On February 6, Crystal Bridges opened a new temporary exhibition from our collection: Art in a Day’s Work, featuring more than 40 artworks, primarily prints, created during the Great Depression and the early 1940s. (You can browse a selection of these prints here.) As small, easily transported works of art created in large numbers, prints were an ideal way for artists to reach a wide audience. Artists can influence the way we look at a subject by manipulating narrative details and formal elements, such as line, shape and composition (the way elements are organized on the page). In addition, the intimate scale of the prints invites a closer look. To help our guests better appreciate the details in these works, we have provided magnifying lenses in the gallery space that you may use to better view the works up close!
The Depression affected the life of every American in the 1930s, as one out of every four people was unable to find work. President Franklin D. Roosevelt sought to alleviate the financial and psychological devastation of the Great Depression by providing work for 3 million Americans through the Works Progress Administration (WPA), founded in 1935. In addition to employing white-collar professionals and manual laborers, the WPA offered work to musicians, actors, writers, and artists under a subdivision of the WPA called the Federal Art Project (FAP).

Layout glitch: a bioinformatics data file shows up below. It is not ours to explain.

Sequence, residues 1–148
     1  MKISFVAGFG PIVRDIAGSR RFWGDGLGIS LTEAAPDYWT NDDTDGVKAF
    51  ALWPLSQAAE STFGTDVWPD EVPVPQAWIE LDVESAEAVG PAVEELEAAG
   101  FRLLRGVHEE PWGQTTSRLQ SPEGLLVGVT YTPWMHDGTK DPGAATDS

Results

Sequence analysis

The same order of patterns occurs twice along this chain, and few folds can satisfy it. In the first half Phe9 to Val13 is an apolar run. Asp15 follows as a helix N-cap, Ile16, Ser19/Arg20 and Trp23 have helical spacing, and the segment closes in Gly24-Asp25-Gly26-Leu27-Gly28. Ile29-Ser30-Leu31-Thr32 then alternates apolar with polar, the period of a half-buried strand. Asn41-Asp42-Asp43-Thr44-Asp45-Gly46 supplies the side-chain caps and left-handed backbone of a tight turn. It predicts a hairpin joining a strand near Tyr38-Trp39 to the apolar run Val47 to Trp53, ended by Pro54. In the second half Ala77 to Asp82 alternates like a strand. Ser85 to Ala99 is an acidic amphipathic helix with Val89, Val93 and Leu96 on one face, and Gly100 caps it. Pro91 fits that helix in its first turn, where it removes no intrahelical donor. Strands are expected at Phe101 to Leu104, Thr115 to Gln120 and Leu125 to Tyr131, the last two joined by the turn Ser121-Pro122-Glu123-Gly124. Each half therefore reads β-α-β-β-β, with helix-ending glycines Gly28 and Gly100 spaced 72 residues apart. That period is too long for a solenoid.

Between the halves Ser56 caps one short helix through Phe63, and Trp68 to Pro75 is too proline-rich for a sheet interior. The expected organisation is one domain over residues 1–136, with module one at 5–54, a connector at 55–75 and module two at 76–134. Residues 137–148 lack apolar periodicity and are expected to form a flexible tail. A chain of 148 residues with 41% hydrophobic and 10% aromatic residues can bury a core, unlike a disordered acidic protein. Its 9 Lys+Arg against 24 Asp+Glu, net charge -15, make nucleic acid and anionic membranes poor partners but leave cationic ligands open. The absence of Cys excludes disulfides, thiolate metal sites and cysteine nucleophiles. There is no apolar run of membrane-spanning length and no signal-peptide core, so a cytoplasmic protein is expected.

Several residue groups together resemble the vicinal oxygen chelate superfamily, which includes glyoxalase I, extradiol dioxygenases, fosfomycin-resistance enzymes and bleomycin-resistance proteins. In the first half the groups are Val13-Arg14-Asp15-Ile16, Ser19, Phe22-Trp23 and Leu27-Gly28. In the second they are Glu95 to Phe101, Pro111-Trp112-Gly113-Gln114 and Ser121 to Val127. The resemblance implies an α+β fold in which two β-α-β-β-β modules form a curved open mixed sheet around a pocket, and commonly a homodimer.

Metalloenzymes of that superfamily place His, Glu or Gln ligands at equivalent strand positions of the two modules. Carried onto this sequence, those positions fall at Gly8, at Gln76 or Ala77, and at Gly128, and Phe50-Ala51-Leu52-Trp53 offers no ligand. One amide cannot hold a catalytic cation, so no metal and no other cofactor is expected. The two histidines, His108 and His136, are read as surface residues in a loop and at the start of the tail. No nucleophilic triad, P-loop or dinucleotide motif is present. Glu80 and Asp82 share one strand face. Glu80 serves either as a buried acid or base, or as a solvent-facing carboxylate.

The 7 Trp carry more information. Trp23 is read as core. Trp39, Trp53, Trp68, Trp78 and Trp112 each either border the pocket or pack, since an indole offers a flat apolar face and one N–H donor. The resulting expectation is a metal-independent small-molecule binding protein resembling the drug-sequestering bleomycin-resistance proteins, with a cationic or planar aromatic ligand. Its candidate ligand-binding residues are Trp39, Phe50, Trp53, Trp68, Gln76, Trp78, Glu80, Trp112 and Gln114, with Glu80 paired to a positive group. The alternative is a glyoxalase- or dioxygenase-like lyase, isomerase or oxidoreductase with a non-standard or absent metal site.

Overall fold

The FAP paid artists a salary of $24 a week to produce art about contemporary life. It is no coincidence that they found sympathy with laborers during their time with the WPA, as they too had to clock in and work regular hours in their studio.. With the financial and artistic freedom the FAP gave them, artists were able to improve their skills, develop new techniques and styles, and explore the social issues that concerned them.
The WPA dissolved in 1943 as the focus of the country shifted to World War II. By then, labor became a patriotic pursuit. Every American was called to do their part for the war effort. Women in particular answered the call to enter the workforce and fill traditionally male jobs. Norman Rockwell’s Rosie the Riveter embodies both the entrance of women into the work force and the new patriotic emphasis on labor.